Overall:

Honestly, “Feed” was everything I had hoped that “The Passage” would be but it wasn’t.

I seriously loved both this story and the audio production. There was just so much energy to it, and the story was so interesting. The zombies were really more of a device to fuel the story about politics and new v. old media and, perhaps partially because I’m already very interested in those things, it totally worked for me. Loved it, can’t wait fo the second book in the trilogy, recommend it highly.

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Audible: Audio download
Powells: Print*
A local independent bookstore via Indiebound: Print*
Amazon: Print*

This review was done with a audio download sent to me for review.
* These links are all affiliate links. If you buy your book here I’ll make a very small amount of money that goes towards hosting, giveaways, etc.

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The Dead-Tossed Waves by Carrie Ryan – Book Review

The Dead-Tossed Waves by Carrie Ryan

“The Dead-Tossed Waves” is the follow-up to “The Forest of Hands and Teeth,” which I reviewed in September of 2009.

Gabry has spent her life with her mother, Mary, at the lighthouse in Vista where they are in charge of disposing of the Mudo – the things that Mary calls the Unconsecrated – that wash up on the beach. Despite the fact that her world is filled with Mudo (zombies) that want to infect all of humanity, Gabry has a pretty good life; she has family, friends, and perhaps the affection of the boy she likes. Until she agrees to cross the Barrier with a group of friends, and everything changes. Now Gabry must figure out who she really is and what she really wants.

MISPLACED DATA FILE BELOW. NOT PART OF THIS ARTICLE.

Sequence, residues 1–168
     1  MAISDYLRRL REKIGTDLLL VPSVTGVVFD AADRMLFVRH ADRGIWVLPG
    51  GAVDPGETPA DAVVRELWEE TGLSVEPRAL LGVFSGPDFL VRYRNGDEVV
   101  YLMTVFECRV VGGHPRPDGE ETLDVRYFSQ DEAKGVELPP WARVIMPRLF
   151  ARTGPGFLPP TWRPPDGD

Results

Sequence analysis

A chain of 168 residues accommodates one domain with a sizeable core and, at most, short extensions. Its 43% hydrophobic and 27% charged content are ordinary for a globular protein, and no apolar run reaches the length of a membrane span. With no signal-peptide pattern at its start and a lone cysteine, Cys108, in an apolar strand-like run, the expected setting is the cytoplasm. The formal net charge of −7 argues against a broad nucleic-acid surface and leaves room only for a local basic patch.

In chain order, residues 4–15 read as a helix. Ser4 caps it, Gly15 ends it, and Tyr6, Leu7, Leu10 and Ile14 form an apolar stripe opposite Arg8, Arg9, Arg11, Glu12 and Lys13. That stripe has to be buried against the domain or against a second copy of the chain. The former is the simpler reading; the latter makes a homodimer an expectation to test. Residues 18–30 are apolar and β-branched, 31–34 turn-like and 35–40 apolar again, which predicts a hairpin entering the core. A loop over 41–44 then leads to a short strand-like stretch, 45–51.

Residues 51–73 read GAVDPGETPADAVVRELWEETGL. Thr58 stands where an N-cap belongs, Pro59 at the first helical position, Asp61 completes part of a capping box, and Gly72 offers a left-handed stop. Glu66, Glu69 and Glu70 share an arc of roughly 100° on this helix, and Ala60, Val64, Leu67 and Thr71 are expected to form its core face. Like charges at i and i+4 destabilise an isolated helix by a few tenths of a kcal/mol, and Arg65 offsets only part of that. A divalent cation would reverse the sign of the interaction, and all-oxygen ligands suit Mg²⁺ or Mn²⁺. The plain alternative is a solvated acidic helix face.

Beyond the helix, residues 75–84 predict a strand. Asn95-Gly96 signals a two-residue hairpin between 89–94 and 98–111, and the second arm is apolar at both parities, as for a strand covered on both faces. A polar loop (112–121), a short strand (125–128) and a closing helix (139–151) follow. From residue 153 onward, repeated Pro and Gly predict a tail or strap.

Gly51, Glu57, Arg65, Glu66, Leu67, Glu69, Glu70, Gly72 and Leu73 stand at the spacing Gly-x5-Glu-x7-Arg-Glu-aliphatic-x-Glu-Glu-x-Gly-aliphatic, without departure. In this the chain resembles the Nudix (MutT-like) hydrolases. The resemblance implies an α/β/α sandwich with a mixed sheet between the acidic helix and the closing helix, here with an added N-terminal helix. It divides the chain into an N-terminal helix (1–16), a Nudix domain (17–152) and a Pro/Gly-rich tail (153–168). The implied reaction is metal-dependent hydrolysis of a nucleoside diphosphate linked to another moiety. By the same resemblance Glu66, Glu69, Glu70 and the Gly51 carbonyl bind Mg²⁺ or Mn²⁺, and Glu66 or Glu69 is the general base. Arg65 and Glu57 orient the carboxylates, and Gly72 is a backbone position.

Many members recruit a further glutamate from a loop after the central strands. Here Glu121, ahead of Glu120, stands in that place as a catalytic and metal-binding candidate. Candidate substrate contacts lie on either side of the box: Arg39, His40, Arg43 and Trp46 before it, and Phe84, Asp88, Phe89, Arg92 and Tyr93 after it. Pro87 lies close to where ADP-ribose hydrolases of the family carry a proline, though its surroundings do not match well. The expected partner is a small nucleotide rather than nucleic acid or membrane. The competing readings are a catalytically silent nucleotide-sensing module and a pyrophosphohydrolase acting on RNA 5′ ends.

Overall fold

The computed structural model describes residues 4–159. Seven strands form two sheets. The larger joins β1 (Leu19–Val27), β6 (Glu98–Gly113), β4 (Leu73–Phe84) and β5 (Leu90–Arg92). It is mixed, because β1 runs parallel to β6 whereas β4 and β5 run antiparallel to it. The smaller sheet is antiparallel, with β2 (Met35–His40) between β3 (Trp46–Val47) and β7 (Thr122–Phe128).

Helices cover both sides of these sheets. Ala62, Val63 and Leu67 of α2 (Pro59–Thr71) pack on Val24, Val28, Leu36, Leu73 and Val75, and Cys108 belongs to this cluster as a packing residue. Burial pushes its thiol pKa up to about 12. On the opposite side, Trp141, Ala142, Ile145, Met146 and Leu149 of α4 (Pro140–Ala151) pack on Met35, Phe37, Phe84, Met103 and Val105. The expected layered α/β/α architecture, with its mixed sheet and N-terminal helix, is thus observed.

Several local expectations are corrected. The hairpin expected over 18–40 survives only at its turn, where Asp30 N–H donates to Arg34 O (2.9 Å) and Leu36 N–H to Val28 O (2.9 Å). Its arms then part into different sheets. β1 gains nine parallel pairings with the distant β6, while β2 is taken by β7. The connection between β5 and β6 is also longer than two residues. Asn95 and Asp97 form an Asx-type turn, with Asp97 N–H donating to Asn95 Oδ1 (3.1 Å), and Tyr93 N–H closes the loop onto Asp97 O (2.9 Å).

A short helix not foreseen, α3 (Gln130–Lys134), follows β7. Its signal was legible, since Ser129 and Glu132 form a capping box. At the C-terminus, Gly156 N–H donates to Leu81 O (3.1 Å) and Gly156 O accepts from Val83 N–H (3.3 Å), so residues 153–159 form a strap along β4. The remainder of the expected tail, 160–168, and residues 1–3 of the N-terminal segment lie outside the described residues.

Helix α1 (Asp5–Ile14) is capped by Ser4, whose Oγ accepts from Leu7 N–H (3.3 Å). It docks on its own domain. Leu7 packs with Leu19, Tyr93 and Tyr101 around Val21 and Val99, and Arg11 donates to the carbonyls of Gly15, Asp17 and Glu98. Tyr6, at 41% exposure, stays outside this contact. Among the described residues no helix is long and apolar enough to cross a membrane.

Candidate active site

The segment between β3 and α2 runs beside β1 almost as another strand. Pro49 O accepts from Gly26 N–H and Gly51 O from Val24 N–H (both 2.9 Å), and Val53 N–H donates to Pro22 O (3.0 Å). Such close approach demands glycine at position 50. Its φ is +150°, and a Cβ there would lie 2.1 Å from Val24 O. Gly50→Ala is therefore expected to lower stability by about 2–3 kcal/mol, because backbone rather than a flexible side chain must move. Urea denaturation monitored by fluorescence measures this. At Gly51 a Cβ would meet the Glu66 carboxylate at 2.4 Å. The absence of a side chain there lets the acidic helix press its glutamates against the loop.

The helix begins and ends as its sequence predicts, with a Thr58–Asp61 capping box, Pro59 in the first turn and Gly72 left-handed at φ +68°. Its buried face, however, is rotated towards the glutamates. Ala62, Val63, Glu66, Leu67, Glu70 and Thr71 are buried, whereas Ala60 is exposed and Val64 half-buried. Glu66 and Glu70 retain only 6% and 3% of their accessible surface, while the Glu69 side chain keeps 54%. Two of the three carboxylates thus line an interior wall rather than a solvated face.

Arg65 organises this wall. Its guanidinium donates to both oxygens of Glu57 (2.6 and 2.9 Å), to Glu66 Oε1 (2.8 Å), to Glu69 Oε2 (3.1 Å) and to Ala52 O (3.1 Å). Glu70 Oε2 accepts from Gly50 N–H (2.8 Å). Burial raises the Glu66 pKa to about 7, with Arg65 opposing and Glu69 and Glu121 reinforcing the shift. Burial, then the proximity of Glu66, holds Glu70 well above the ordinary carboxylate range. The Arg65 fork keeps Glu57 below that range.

Yay! “The Dead-Tossed Waves” made me so happy! I liked “The Forest of Hands and Teeth” okay. I mean, I appreciated the writing and the basics of the world that Ryan created, but I really wasn’t a huge fan of Mary – I thought she was sort of distant and didn’t ever really get a good feel for her – and I thought that far too many questions about the world went unanswered. Part of that was the design of the storyline, but, honestly, it really bugged me. I like knowing what the rules and history of a world are, even if I don’t find out until the end of the book, not ever finding out is not really an acceptable thing in a book for me. And yet, the not knowing is what drew to me pick up “The Dead-Tossed Waves” even though I wasn’t crazy about “The Forest of Hands and Teeth,” because I had to hope that perhaps some of the questions from the first book were answered.

And they were! Yay! There is a little more that I hope she explores in the next book, but even if this is all that I get I am content. I also have to say, that I found Gabry a much more interesting and likeable character than Mary, perhaps because she was so much more vulnerable. She also developed more as a character than Mary did in “The Forest of Hands and Teeth.” Ryan’s writing is, as ever, quite good, and I was ever so pleased to see more of this post-apocalyptic world she has created. Bring on book three!

Recommended/high recommended.

Buy this book from:
Powells.*
A local independent bookstore via Indiebound.*
Amazon.*

This review was done with a book received from the library.
* These links are all affiliate links. If you buy your book here I’ll make a very small amount of money that goes towards hosting, giveaways, etc.